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Food from the frontier

2 April, 2015 12:06 PM
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Deepa Alexander feasts on a melting pot of flavours and memories from across the Punjab. 

Zan, zamin, zar (women, land, gold), an old proverb that underlines the three things in the Punjab that bring the blood to boil. Add to the list a fourth — fluffy batura with fiery Pindi chole, sprinkled with a hint of pomegranate powder — especially if there is a long queue of hot-headed people jostling for it at Ambala Cantonment Junction, with only two minutes left for the Delhi-Amritsar Swarna Shatabdi to draw out.

Wherever your travels in Punjab may take you — whether through the golden wheat fields-flanked Grand Trunk Road or the lesser country lanes that wind past sugarcane plantations and flat-roofed houses — this is a State you can eat your way through.

So if it’s Ludhiana, you can’t leave without dunking your flaky naan in a handi of creamy, heart-clogging butter chicken. If it’s Ferozepur, you must try the crumbly canapés topped with olives and paneer tikka, and if it’s Amritsar, it has to be the steamy, layered paratha, eaten in sight of the Golden Temple. Much of this food draws inspiration from the hordes that conquered these lands, the dynasties that lent it their culture, the Punjabi diaspora’s new-found cuisine and their nostalgia for all things pind.

I set off one morning from Kapurthala, a pretty provincial town in south-west Punjab, and stop for a cup of tea at the Kanjili Wetlands that stand at its fringes. The masala chai arrives in fine bone china — a legacy of Kapurthala’s princely past — giving off a heady aroma of spices and herbs. The half-ground pepper pods make me splutter, startling a common teal into flight, but I’m fortified for the journey ahead.

Half an hour later, I’m at Sultanpur Lodhi, one of India’s oldest cities and home to Gurudwara Ber Sahib, one of Sikhism’s holiest shrines, built in the 19th Century by Maharaja Jagatjit Singh of Kapurthala. It was here in the 15th Century that Guru Nanak meditated for many years under a ber (Ziziphus jujube) tree. Huge cauldrons, with spoons the size of paddles, stand under its shade, filled with warm, sticky-sweet prasad made from butter, sugar and flour, served to all visitors. That, and the candied and smoked jujubes topped with onion fritters, see me through to Ferozepur.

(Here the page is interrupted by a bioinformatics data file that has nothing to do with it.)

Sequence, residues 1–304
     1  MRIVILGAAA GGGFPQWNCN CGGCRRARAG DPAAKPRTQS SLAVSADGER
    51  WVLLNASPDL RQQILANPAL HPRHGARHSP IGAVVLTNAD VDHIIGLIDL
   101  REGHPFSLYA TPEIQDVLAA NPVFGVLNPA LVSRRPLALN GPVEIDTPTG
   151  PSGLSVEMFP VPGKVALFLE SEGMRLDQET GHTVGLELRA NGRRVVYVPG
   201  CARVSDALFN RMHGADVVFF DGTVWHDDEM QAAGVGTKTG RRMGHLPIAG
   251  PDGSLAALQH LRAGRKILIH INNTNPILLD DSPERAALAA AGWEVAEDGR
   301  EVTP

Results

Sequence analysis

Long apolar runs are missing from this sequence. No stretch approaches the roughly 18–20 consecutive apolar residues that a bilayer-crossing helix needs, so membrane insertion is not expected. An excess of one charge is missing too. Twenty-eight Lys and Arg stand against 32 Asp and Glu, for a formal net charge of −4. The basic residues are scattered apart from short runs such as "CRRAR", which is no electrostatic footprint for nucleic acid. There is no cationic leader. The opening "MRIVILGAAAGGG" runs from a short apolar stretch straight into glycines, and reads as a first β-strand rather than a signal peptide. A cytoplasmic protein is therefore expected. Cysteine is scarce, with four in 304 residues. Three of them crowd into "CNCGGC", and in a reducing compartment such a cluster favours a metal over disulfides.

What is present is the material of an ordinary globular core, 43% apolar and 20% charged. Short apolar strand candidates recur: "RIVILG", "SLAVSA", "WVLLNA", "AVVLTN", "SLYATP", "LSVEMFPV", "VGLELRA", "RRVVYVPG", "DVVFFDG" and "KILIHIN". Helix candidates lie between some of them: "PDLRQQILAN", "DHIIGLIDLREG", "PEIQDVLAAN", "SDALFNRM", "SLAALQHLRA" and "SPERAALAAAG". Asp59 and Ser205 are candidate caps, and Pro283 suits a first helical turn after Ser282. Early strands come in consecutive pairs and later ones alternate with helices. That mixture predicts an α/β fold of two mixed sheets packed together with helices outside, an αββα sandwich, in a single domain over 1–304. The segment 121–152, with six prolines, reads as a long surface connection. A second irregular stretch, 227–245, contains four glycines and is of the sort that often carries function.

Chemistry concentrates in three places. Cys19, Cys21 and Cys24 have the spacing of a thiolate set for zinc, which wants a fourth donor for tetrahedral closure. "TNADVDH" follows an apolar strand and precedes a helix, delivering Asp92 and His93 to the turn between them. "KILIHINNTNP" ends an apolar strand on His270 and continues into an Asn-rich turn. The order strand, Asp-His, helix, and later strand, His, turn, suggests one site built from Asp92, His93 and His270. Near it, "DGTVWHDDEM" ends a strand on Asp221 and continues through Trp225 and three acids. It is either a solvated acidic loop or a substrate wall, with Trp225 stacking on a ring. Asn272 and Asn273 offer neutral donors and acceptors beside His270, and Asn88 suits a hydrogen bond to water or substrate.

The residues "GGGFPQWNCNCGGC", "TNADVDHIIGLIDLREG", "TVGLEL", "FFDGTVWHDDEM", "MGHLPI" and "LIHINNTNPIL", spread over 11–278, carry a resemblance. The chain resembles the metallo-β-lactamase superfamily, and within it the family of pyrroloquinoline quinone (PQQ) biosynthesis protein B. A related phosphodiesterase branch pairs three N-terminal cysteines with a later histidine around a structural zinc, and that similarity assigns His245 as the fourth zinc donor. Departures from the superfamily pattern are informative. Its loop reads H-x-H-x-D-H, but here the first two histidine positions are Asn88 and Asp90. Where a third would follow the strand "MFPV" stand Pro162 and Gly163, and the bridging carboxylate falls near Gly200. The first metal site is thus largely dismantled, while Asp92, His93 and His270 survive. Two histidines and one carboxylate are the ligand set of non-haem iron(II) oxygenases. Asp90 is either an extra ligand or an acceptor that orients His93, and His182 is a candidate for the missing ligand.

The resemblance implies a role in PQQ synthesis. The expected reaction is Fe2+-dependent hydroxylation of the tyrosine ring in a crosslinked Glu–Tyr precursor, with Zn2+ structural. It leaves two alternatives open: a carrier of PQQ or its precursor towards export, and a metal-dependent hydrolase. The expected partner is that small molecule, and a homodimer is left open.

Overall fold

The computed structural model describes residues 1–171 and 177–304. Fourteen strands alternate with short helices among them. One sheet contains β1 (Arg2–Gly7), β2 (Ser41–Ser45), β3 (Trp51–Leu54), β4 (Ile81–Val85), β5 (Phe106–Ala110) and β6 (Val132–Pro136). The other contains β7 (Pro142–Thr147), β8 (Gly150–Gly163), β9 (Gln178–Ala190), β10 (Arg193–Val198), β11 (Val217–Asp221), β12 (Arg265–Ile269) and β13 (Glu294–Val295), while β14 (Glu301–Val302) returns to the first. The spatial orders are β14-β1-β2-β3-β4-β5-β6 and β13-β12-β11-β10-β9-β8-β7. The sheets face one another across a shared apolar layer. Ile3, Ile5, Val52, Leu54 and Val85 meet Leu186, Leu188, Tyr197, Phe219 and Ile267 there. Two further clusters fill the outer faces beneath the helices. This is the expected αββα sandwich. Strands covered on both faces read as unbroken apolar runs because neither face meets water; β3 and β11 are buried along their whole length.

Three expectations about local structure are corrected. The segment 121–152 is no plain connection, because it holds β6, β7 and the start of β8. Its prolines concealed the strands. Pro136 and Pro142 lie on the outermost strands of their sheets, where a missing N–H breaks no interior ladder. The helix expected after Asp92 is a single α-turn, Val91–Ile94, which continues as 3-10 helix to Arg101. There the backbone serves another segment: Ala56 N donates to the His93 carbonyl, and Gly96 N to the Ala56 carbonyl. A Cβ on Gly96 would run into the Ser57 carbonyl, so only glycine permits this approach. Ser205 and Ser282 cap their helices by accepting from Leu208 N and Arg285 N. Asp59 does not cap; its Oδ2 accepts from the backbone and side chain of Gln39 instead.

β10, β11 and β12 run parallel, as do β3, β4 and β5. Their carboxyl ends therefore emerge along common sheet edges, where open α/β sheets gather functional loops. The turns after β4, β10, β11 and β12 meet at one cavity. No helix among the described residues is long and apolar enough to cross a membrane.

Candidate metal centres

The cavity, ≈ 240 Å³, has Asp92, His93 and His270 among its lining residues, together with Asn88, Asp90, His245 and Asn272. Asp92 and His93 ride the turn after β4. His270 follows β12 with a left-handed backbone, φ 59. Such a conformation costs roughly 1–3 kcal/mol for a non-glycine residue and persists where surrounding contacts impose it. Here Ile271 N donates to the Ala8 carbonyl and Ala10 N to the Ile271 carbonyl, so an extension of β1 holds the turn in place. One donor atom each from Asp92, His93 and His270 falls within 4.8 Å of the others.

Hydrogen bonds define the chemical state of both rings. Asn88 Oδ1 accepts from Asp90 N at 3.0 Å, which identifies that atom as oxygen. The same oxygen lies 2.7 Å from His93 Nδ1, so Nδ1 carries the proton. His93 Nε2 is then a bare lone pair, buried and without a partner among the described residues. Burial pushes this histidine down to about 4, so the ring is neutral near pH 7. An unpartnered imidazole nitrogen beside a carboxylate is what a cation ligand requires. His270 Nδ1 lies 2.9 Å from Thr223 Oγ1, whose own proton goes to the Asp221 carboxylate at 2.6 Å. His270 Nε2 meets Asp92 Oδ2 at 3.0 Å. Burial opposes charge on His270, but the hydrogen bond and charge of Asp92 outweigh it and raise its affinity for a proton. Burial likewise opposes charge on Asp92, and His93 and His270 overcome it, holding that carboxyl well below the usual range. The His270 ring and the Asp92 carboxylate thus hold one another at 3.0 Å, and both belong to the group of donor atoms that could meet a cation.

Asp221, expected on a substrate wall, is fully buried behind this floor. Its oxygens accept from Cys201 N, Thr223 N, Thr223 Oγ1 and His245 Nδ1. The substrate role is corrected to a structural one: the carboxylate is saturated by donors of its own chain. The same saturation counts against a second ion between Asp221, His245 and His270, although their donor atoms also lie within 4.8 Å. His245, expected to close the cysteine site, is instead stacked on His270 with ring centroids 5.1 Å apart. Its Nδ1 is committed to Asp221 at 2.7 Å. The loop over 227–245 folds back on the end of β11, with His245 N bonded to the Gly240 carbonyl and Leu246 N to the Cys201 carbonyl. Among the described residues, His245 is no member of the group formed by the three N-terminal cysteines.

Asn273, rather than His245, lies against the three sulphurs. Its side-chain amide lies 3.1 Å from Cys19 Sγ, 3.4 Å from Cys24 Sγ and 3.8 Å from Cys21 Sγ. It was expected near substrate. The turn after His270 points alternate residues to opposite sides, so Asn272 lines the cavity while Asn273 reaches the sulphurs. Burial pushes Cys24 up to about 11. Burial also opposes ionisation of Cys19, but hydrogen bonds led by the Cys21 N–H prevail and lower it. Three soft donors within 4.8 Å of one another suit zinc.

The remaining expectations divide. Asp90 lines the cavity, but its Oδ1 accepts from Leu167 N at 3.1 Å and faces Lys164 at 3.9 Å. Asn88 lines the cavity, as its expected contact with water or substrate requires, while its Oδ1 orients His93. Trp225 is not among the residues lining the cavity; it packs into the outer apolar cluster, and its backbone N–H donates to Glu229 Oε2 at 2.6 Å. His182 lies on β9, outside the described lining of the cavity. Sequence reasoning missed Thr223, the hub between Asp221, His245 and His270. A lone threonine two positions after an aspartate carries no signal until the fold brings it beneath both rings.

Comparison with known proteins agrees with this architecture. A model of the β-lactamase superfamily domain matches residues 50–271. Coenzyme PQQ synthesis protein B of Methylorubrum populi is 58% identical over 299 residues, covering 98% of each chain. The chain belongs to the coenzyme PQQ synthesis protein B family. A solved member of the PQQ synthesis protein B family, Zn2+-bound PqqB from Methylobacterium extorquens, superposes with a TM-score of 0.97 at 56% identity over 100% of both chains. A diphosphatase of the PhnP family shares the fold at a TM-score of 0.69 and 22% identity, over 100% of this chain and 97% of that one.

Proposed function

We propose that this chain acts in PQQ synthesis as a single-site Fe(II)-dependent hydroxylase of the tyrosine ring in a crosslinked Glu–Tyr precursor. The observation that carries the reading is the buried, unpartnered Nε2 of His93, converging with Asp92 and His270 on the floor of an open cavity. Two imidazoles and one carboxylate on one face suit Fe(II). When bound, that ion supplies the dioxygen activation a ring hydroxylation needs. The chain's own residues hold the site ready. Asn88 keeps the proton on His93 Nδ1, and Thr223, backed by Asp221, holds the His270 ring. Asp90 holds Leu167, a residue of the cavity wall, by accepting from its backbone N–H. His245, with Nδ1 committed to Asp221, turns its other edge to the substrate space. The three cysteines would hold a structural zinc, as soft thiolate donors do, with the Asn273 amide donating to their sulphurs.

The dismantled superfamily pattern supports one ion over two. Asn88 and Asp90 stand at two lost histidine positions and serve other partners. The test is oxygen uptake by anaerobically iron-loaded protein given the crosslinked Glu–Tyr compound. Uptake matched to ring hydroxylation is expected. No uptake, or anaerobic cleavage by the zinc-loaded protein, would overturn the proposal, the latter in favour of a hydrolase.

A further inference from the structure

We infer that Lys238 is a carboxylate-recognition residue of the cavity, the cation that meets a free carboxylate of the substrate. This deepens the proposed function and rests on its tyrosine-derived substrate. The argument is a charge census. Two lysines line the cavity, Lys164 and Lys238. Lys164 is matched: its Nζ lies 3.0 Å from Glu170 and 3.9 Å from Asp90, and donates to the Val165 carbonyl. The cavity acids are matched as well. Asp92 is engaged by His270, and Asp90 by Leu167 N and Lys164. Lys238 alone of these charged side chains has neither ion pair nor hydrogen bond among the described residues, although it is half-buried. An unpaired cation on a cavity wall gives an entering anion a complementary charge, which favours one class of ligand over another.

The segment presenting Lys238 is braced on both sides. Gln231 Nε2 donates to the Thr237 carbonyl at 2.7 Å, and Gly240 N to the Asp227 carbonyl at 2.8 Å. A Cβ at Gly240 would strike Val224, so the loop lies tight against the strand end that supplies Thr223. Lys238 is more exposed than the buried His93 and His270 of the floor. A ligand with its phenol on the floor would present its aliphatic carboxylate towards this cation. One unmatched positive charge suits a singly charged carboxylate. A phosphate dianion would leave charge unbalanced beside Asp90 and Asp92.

At this border town, I lunch at Harsh Vegetarian, Mall Road on Punjabi comfort food — aloo paratha, pachranga pickle floating in mustard oil and a bowl of thick curd, costing a little less than Rs. 100. It arrives in a huge steel platter and the restaurant is quiet despite the crowds; the only sounds are of people chomping through their meal and burping in satisfaction. Dessert is at a Marwari friend’s house — the phirni arrives chilled, saffron strands laid out in neat lines on a bed of well-ground rice, milk, cream and sugar. At the Indo-Pak border at Hussainiwala, 11 km away, where the lowering of flags is held every evening and a rose garden flourishes around the memorial where revolutionaries Bhagat Singh, Rajguru and Sukhdev were cremated, villagers hand out glasses of frothy lassi and bags of salted, roasted peanuts to visitors.

Breakfast the next day, is at Tarn Taran, enroute to Amritsar. Once the hotbed of Sikh insurgency, the town today is filled with pilgrims heading to Tarn Taran Sahib, the gurudwara built by Guru Arjan Dev.

Dhabas line the road, their simple plastic furniture and string cots little belying the wealth of flavours that emanate from a large vat where pooris are being fried a golden brown. Bowls of sizzling orange halwa and tangy chickpeas accompany it.

After the green fields spinning off into the distance, Amritsar arrives in a cloud of heat, dust and flies. There are mandatory stopovers at all the places that fill our history books — Jallianwala Bagh, Golden Temple and the Wagah border. The best of Punjabi food can be found in the narrow bylanes in the old city full of bony cows dodging two-seater rickshaws, there’s even a place nicknamed Cholestrol Chowk. Shops sell a variety of papads and pickles at charming prices, there’s the dewy light shahi paneer at the 100-year-old Bharawan da Dhaba (there’s a more upmarket branch at the Alpha One Mall), Kesar da Dhaba’s dal makhani so soft that it’s creamy, the batter-coated, caraway seed-encrusted Amritsari fish at Makhan Fish and Chicken Corner and the sugar syrup-dipped whirls of delight at Gurudas Ram Jalebiwala.

There’s just one ritual left to do before leaving Punjab and that is to buy gond besan pinni from Lovely Sweets, Jalandhar, for colleagues back home who threatened me with dire consequences if I were to forget. But before that, I succumb to the succulent murgh malai kebabs at The Brewmaster and top it up with a plate of big, fat and flaky samosas, filled with the trinity of Punjabi cooking — potato, onion and cumin — at a stall spilling over with people from the passport office nearby.

When the sweetbox is opened in office, there are whoops of delight at the rows of pinni nestled like eggs. And then there’s silence as it crumbles in the mouth, only the roasted almond making a crunch. Everyone, including a visiting actor-model, reaches for another serving. You can never have enough of Punjab da khana.


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